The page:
Bakht Baryar was a final year BSc Political Economy student at King’s College London and a finalist at Policy Idol 2015. His pitch titled “An anchor in Africa: the value of the state of Somaliland” won Bakht the award for Best Delivery at the competition. In this blog post, to coincide with the launch of Policy Idol 2016, Bakht tells us why he decided to enter the competition and what it was like to take part. You can read the details of Bakht’s pitch and watch his winning three minute pitch online.
When I entered Policy Idol 2015 I never believed that I could pitch an idea as unique as ‘Somaliland’s Independence’ on a public platform. Especially since a lot of people can’t even locate it on a map. But Policy Idol was open to ideas from any field and any discipline – as long as it could be defended with a solid evidence base – so in April 2015 I found myself on stage at the final explaining the benefits of an independent Somaliland.
During the competition process I discovered a new me. The training provided by the Policy Institute inspired my confidence and boosted my communication skills – something I believe played a big part of my success in the competition. The skills in public speaking that I developed are immensely valuable to my personal and professional life. In particular, learning how to condense a complex idea into a 3 minute pitch without losing its core concepts or compromising on clarity.
The journey I took to the final of Policy Idol 2015 was tough but rewarding. The day of the first stage heat I was frantically practising my pitch in a hall of residence’s computer room. I could not decide what to wear and I managed to delete my presentation slides 45 minutes before I had to give my pitch! I quickly put another one together but I was certain that I wouldn’t get through the heat. But once I got in the room I was surprised by the friendliness of the judges and the atmosphere lifted my confidence.
After getting through the heat stage and being invited to the final, I started practising every day to make sure I knew every detail of my pitch. The day of the final came and I would be lying if I said I wasn’t anxious. The Great Hall was packed with a lively audience and the set-up of the room was creating a great atmosphere. My pitch ended up going really well and when the judges announced the results, I could not believe I had won the prize for best delivery, it was absolutely amazing.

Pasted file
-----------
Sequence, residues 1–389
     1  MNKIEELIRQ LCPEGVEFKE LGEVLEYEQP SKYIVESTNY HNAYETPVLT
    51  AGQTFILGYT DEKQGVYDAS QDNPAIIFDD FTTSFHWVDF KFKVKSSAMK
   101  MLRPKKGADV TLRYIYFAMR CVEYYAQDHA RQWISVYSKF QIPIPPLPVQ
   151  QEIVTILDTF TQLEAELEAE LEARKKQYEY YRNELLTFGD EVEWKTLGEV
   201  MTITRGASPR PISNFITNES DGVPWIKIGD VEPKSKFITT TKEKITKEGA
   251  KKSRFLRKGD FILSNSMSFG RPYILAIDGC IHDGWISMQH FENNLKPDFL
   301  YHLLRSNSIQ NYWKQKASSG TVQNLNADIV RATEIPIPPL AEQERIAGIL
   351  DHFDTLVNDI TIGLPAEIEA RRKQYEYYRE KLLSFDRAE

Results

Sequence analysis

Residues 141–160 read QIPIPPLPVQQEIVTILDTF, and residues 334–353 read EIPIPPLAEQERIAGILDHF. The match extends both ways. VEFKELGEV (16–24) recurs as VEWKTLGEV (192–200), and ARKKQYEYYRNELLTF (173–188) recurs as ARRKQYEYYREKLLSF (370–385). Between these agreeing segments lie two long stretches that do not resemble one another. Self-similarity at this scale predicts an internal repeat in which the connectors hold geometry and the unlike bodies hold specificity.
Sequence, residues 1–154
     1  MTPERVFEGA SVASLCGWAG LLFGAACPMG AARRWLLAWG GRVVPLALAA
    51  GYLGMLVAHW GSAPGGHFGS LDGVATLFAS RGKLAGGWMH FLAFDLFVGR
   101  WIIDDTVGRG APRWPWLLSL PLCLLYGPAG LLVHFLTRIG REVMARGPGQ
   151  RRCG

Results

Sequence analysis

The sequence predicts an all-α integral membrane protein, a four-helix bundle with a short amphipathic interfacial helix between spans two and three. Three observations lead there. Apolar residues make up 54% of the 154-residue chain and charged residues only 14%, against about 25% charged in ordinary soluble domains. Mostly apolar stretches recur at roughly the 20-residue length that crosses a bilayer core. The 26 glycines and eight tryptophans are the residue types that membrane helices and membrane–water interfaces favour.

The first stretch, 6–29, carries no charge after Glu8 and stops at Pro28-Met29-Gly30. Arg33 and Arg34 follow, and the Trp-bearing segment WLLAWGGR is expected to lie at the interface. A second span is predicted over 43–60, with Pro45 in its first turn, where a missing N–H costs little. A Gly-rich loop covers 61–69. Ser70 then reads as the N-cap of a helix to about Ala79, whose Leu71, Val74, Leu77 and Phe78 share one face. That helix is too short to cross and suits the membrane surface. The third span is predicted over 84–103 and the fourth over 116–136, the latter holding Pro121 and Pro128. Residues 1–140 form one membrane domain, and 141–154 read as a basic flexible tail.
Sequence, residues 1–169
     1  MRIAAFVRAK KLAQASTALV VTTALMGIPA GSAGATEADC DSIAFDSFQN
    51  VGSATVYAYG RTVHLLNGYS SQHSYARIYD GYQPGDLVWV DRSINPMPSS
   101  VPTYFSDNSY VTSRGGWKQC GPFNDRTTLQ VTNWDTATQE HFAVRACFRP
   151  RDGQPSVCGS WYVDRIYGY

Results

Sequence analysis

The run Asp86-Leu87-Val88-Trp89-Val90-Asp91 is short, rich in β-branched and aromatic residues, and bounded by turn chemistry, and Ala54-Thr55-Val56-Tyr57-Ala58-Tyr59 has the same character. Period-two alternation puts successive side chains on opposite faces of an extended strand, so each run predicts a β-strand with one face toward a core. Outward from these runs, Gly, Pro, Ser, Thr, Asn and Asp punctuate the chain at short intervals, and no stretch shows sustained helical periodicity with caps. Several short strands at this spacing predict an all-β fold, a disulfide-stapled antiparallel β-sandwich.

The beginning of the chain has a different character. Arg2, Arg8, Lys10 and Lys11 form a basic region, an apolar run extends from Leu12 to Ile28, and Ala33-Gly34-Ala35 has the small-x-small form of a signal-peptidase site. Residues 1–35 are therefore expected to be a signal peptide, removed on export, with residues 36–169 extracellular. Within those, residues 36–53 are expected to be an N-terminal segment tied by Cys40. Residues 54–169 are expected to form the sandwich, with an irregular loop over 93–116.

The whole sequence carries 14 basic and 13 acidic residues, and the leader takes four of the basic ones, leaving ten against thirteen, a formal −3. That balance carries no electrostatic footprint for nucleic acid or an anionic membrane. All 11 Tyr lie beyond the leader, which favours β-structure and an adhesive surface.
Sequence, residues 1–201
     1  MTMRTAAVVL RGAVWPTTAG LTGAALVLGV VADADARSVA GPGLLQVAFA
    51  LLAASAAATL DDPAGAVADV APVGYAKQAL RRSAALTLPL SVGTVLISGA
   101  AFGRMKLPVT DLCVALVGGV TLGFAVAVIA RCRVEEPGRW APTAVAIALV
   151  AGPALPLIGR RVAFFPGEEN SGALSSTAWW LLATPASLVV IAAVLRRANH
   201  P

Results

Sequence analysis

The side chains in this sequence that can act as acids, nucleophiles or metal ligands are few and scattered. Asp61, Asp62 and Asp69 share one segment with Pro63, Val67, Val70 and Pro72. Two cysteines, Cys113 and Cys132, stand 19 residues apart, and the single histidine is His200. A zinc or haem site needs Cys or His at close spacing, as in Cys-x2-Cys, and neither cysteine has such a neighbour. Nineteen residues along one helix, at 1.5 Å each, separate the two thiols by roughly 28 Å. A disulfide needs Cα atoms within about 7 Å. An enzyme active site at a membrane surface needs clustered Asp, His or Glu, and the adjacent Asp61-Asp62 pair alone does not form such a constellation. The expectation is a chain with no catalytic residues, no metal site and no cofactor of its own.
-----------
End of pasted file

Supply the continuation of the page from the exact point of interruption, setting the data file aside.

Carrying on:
Taking part in Policy Idol was originally the idea of one of my lecturers, who thought it would be a great opportunity following an internship I had just completed in Somalia. Based on this, I decided to pitch the idea that an independent and recognised Somaliland would serve as an anchor of peace and stability for East Africa. I focused on the role the United Kingdom could play to secure its strategic and economic interests in Africa by building on the colonial era ties with the local people of Somaliland. Through this I believe that the British government could play a stabilising role bringing peace and prosperity to one of the world’s most volatile areas.
The experience of competing in Policy Idol has helped me develop critical thinking and communications skills. It improved my research skills and taught me how to communicate an idea in a short but captivating presentation. I would urge anyone at King’s to take part in the next Policy Idol to take advantage of the great opportunities that are on offer.
Policy Idol is a great idea and the credit for such a successful event has to go to the team at the Policy Institute at King’s. I hope that as the competition grows it will be extended to include applicants from other universities as it would be interesting to see students or staff from King’s pitch their skills against their contemporaries from other institutions.
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